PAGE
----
Won’t a large council promote development against local wishes?
The alternative is unplanned growth and speculative development. The unitary council would be democratically accountable for planned and managed growth, and ensuring the necessary infrastructure was in place.
Will the £20m saving mean that cuts would be reversed?
That would be a decision for the new council.
When would this happen?
If the government agree to local government reorganisation, we estimate it would take about two years to create a new council.
How much money do the councils currently spend on services?
Taken together, the total revenue expenditure of Oxfordshire’s six councils (excluding schools support) was £540m for 2015/16.
This is made up from council tax, government grants, business rates and other funding streams such as New Homes Bonus and fees and charges for services. By 2020, the intention of government is to remove the block grant entirely so that councils are funded predominantly by local raised council tax and business rates.
If there is less staff, how will this improve services?
These are the posts that could be lost through joining up the organisations. They are mainly in support services such as HR and administration and in senior management. These savings will then be available to reinvest in maintaining and improving frontline services and keeping council tax down.
If the savings will be £20m per year, what is this as a proportion of total council spending?
It’s about 4% of the total of the ‘revenue expenditure’ on council services (excluding schools). It’s also about the same as 100% of the total general expenditure of Oxford City or Cherwell Councils or 200% of the total general expenditure of West Oxfordshire.
Who will provide services while the new council is set up?
If reorganisation is given the go-ahead, the existing councils would continue to exist until the new council is ready to take over running services on the date set by government. Current councils would have what’s called a “duty to cooperate” and work together to ensure that services continue to delivered during the transition and that the handover happens smoothly. This has happened very successfully in the past, most recently in 2009 in places like Wiltshire, Shropshire, Cornwall and County Durham.
Who would be responsible for setting up the new council?
Government would set out the way that an interim executive would be formed by councillors from the existingcounty, district and city councils. (There are County Council elections in May 2017 and it is councillors elected in this election that would represent the County Council in this process, not current councillors.) The interim executive would in turn appoint senior managers to form a joint implementation team, drawing on staff from across Oxfordshire’s councils. Depending on the timing of elections and decisions by central government, there may be an early election during the transition period and at that point new councillors would be elected to the new authority and they would appoint a new executive to lead the change. Otherwise, elections would take place once the new council is established.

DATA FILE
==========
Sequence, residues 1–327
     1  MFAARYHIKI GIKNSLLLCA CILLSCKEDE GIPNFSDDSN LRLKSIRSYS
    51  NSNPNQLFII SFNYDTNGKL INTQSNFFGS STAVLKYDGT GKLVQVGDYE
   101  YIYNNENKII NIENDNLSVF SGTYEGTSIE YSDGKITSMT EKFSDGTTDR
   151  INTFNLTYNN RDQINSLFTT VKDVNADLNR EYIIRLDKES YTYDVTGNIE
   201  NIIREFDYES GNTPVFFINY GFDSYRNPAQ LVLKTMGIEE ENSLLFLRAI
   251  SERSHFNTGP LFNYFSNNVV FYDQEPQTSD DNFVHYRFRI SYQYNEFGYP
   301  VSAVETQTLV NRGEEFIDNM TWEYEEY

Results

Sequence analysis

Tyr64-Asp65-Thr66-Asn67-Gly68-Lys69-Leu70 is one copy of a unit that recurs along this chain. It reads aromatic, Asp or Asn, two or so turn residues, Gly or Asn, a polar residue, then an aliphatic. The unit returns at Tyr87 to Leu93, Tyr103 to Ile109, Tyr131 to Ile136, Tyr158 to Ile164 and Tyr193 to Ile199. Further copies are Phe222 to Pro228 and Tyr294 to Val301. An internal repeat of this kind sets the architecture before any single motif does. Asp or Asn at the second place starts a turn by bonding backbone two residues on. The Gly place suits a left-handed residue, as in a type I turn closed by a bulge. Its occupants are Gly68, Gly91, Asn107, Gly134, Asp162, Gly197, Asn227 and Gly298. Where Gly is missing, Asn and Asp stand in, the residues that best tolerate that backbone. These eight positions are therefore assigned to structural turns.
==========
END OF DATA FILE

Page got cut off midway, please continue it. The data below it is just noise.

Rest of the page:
Will council tax go up or down?
That would be a decision for the new council, and could depend on which part of Oxfordshire you live in and how much you pay now. The £20m saving gives the new council the option of spending more on services or keeping council tax down.
Would council tax be the same across Oxfordshire?
There is a big difference in council tax levels in different parts of the county. Some of this is due to differences in the charges that the district and city councils make. (Parish and Town Councils can also raise a precept which differs from place to place and this is not affected by these proposals.) Our draft bid includes the proposals to ask government to allow different areas to have different levels to reflect different local needs and priorities.
However if council tax ‘equalisation’ is needed, the new council has several options:
Fixing at the lowest rate of the former district councils. That would benefit the most taxpayers but would mean that less of the £20m saving could be used for investing in services and infrastructure
Averaging out council tax levels. That would mean some people might pay more council tax, and more of the £20m could be spent on services
Fixing at the highest rate, which would benefit fewer taxpayers and mean there was more money to spend on services and infrastructure.
Any of these options would be likely to be phased in over five years.